We have a roadmap to a shared future, if only we’d use it by Emma DeSouza

August 24, 2020

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The Good Friday Agreement represented a compromise. As with most compromises, they’re often hard-won, and not without sacrifice. Any person or entity who is a party to an agreement, be it social or political, rarely sees their wishes met to the full extent of their liking, and certainly not without conceding to terms which benefit the other party or parties involved.

Such was the case with the Good Friday Agreement- or GFA for short. It took the extraordinary vision, determination, and willpower of a generation of peacemakers to bring the people of Northern Ireland and their representatives to an agreement. The GFA was the culmination of years of extensive negotiations, which required the intervention of the Irish, British, and American governments in order to convince the vast majority of regional political parties to make a profound leap of faith.

To this day, striking an agreement between the two main communities of Northern Ireland and bringing an end to thirty years of violence and bloodshed is seen as a shining beacon of peace, reverence, and cooperation- an example which many countries and communities look to as inspiration and aspiration alike.

John Hume

Civil Rights Leader John Hume

The peace process was of course the result of the efforts of numerous dedicated individuals, but much of its success can be attributed to the tireless work of a select few. One of these singular leaders is the now-legendary John Hume, Ireland’s peacemaker, a giant of a man who, with all his being, believed in peace and reconciliation at a time when such ideas seemed fantastical to some, unimaginable to others, and virtually impossible to most. He gave hope to an entire generation that peace was more than a dream, it was possible.

John’s message was clear – there had to be an agreement; “All conflict is about difference,” he said. “The answer to difference is to respect it. Therein lies a most fundamental principle of peace – respect for diversity.” The Good Friday Agreement was not the end but the beginning of a healing process. For in the words of John Hume, “The real division of Ireland is not a line drawn on the map, but in the minds and hearts of its people”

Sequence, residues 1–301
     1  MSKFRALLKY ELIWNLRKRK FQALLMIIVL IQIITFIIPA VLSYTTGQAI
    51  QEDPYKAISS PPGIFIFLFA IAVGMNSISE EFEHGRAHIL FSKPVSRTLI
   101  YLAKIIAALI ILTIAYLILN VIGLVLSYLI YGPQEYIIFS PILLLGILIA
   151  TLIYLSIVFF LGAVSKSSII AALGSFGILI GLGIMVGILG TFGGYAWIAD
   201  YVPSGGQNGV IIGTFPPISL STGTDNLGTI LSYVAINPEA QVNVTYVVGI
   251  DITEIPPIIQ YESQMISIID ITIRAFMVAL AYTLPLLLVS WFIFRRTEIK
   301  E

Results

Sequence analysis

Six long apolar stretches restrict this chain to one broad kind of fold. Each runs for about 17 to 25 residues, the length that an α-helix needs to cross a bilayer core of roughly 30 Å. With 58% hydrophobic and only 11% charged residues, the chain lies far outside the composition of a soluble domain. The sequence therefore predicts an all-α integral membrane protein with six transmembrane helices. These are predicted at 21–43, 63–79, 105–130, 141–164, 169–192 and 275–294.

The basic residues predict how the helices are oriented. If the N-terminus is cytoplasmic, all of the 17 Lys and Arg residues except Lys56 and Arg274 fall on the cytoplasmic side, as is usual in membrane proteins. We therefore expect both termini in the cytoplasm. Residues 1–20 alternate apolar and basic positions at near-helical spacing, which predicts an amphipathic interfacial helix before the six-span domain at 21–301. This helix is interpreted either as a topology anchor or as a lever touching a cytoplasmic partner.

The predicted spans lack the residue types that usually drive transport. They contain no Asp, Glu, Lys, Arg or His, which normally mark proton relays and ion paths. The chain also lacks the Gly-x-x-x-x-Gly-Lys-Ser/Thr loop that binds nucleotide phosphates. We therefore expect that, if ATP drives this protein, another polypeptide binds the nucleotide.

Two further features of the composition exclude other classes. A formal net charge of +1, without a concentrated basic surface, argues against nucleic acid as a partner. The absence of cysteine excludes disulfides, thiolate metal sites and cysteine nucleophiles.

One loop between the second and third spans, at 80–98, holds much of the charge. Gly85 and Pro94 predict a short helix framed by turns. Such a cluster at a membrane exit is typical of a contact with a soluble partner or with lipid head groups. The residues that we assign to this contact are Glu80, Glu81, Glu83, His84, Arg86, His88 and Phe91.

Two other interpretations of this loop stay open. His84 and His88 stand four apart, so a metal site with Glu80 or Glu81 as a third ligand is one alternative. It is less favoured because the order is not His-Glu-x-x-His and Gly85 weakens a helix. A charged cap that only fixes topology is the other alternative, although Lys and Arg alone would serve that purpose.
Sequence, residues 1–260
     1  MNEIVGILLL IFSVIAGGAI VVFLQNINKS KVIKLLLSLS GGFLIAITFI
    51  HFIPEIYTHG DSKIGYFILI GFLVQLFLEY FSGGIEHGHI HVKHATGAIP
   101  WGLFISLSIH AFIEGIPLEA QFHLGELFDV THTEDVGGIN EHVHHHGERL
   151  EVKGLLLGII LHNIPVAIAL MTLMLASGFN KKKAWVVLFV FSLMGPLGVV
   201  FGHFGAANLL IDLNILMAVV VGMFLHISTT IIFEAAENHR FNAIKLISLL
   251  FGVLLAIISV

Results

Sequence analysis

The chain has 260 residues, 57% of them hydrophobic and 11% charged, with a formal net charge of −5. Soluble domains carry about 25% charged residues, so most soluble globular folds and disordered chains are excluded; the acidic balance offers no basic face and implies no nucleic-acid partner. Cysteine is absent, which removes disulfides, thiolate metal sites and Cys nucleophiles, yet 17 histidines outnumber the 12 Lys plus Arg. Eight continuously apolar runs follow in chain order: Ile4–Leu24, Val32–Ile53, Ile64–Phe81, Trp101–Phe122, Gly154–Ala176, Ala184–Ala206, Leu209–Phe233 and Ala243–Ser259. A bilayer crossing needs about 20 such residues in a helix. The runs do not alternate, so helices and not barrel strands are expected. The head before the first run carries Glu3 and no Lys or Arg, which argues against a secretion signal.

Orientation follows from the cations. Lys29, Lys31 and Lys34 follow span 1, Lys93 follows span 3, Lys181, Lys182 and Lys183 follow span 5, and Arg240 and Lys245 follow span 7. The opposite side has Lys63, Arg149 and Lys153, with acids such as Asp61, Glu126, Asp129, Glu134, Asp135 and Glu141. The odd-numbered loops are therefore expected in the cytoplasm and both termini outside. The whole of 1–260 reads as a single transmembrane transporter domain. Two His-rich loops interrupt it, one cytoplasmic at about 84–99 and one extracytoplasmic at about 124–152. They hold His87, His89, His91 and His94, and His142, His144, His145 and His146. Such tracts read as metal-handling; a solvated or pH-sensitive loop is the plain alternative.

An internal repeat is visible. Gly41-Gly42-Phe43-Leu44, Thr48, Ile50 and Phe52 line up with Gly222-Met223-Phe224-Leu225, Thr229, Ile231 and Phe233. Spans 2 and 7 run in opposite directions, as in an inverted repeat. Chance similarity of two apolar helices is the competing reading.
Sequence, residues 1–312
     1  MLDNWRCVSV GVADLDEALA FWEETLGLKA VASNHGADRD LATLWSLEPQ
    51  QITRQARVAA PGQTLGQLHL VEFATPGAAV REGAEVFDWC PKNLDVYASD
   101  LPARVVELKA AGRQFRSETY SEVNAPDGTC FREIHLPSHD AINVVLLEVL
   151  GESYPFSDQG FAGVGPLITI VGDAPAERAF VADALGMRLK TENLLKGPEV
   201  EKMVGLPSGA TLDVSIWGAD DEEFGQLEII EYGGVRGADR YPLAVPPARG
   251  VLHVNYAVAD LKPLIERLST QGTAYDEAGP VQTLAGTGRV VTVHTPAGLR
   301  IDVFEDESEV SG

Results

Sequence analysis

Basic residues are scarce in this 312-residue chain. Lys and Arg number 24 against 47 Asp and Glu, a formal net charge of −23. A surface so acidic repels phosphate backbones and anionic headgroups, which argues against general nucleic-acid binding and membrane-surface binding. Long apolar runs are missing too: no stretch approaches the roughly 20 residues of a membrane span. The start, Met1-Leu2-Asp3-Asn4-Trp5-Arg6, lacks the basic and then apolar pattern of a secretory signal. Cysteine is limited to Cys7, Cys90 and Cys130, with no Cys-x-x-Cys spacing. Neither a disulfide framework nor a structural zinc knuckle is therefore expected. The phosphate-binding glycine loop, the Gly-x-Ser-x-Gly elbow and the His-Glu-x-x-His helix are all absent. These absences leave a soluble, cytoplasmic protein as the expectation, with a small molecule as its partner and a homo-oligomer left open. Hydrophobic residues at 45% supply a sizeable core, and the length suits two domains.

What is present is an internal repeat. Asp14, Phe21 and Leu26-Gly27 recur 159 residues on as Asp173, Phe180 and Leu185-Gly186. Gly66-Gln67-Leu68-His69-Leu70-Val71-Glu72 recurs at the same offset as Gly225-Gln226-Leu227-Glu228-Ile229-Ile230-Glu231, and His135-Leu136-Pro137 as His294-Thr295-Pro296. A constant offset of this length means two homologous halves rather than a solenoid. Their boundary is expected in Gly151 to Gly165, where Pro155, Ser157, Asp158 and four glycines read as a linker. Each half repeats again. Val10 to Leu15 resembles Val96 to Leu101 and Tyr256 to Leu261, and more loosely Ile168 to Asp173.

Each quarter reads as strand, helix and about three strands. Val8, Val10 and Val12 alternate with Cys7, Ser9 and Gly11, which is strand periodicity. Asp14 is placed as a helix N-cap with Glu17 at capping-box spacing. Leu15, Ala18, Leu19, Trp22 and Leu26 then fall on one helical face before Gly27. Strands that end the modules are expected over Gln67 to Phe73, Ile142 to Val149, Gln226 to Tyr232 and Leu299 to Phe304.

That division still exists today. Despite the magnitude of the GFA, ushering into place a treaty of bonding and compromise was merely a starting point- a foundation upon which change could, over time, be formed and enacted. Born out of the Good Friday Agreement was a peace accord founded on the principles of equality and mutual respect, with an onus on the co-guarantors of Britain and Ireland to protect and enshrine these fundamentals into domestic policy and practice. A complex and nuanced combination of legislation, reform, and good will has historically always served as essential catalysts for the creation of effective newly-formed institutions, with many modern examples having flourished under the protective blanket of EU law. As a co-guarantor of the agreement, the British government was required, under its international obligations, to give domestic legal effect to all relevant provisions of the Good Friday Agreement, and to implement into legislation the principals and rights which the signed commitments afforded its people. Within a year of the Good Friday Agreement’s finalization, the Irish government had augmented its citizenship laws and constitution to reflect these new rights. Over 20-years-on, the British government has failed to do the same.

Good Friday Agreement

In its language, the Good Friday Agreement affords the people of Northern Ireland the explicit right to decide their own identity; be it Irish, or British, or both- with each respective government agreeing to accept that free choice. Identity in Northern Ireland cuts across religion, political expression, and nationality. Respect for identity is a central component of the Agreement. That an Irish citizen exerting their right to be Irish was seen by any as an affront to their own British identity is a dire reflection of where this society is over 20 years later.

passport british and Irish

Many of rights-based provisions of the Good Friday Agreement have yet to be implemented or have been misimplemented. Education remains 93% segregated, mixed housing initiatives are disappointing, victims are having to go to court for long overdue compensation and Irish citizens are being told that they are British whether they like it or not.